KER VS. LINGAD G.R. No. L-20871 (April 30, 1971)

Melecio R. Domingo, then Commissioner of Internal Revenue assessed Ker & Co. and found the sum of P20,272.33 as the commercial broker’s percentage tax, surcharge, and compromise penalty for the period from July 1, 1949 to December 31, 1953. Ker & Co petitioned that the request be cancelled, but the petitioned was turned down. Kr & Co. then filed a petition for review with the Court of Tax Appeals. Commissioner Domingo maintained his stand that the petitioner should be taxed in such amount as a commercial broker. The liability arose from a contract that Ker & Co. had with the United States Rubber International, where Ker & Co. was designated as the distributor and United States Rubber International as the company. Ker & Co., as Distributor, is required to exert every effort to have the shipment of the products in the maximum quantity and to promote in every way the sale thereof. The prices, discounts, terms of payment, terms of delivery and other conditions of sale were subject to change in the discretion of United States Rubber International. All specifications for the goods ordered were subject to acceptance of United States Rubber International and required to accept such goods shipped as well as to clear the same through customs and to arrange for delivery in its warehouse in Cebu City.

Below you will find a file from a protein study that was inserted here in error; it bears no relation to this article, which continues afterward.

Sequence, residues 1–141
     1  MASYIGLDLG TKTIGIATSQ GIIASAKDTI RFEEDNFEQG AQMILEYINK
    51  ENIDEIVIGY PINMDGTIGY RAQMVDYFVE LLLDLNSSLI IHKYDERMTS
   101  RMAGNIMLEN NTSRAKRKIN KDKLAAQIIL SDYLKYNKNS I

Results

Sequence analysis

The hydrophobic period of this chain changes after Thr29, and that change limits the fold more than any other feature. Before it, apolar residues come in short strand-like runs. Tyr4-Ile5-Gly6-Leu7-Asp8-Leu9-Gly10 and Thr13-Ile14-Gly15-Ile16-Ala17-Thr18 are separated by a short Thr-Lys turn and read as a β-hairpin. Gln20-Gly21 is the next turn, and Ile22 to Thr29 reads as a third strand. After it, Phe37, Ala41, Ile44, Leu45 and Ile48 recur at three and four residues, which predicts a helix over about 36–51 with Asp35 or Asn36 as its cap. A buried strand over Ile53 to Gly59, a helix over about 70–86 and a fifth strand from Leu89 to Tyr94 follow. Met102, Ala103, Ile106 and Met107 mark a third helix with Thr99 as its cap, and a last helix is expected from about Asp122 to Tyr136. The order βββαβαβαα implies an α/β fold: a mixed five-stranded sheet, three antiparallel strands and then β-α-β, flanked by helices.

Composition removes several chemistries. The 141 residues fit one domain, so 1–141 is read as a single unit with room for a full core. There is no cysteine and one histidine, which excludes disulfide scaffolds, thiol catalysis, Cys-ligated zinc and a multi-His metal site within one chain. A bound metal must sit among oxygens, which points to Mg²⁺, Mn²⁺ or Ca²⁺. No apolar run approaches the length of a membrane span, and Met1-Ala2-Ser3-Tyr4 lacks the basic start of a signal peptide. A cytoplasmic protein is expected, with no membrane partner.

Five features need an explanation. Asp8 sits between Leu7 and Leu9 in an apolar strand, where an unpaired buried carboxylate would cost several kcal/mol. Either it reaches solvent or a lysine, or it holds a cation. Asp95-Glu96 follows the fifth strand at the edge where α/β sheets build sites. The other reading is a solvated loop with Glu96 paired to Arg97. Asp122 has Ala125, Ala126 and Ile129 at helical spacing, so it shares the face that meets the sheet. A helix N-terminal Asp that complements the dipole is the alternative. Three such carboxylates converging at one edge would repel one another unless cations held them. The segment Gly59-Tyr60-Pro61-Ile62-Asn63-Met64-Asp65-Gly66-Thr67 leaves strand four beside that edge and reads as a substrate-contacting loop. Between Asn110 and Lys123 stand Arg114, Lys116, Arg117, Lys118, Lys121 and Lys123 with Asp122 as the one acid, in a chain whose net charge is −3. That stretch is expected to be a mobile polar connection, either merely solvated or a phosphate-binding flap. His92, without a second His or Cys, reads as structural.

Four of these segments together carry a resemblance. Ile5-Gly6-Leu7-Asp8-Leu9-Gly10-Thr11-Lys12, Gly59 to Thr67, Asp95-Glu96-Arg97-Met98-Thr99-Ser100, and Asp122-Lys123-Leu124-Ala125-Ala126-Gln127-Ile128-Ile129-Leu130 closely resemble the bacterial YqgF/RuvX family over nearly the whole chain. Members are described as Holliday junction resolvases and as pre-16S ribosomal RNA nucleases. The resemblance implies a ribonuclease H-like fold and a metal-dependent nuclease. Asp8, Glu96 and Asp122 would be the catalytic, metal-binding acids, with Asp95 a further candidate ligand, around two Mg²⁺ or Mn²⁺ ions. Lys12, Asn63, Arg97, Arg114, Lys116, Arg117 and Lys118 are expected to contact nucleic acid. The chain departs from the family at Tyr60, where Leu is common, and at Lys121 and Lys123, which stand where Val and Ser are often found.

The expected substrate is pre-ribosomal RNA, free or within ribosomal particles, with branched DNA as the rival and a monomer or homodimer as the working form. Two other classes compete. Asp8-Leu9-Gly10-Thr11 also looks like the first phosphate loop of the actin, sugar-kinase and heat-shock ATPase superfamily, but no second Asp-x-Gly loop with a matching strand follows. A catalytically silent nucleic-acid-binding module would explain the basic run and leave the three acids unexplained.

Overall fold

Whether or not the relationship created between Ker & Co. and United States Rubber International is one of vendor and vendee or broker and principal.

The relationship between Ker & Co. is one of brokerage or agency. According to the National Internal Revenue Code, a commercial broker “includes all persons, other than importers, manufacturers, producers, or bona fide employees, who, for compensation or profit, sell or bring about sales or purchases of merchandise for other persons or bring proposed buyers and sellers together, or negotiate freights or other business for owners of vessels or other means of transportation, or for the shippers, or consignors or consignees of freight carried by vessels or other means of transportation. The term includes commission merchants.” In the language of Justice J. B. L. Reyes, who penned the opinion: “Since the company retained ownership of the goods, even as it delivered possession unto the dealer for resale to customers, the price and terms of which were subject to the company’s control, the relationship between the company and the dealer is one of agency.” The relationship between Ker & Co. and United States Rubber International was not one of seller and purchaser, if that was the intention, then it would not have included covenants which in their totality would negate the concept of a firm acquiring as vendee goods from another. Instead, the stipulations were so worded as to lead to no other conclusion than that the control by the United States Rubber International over the goods in question is, in the language of the Constantino opinion, “pervasive”.

Digest Credit: Shem Gasatan


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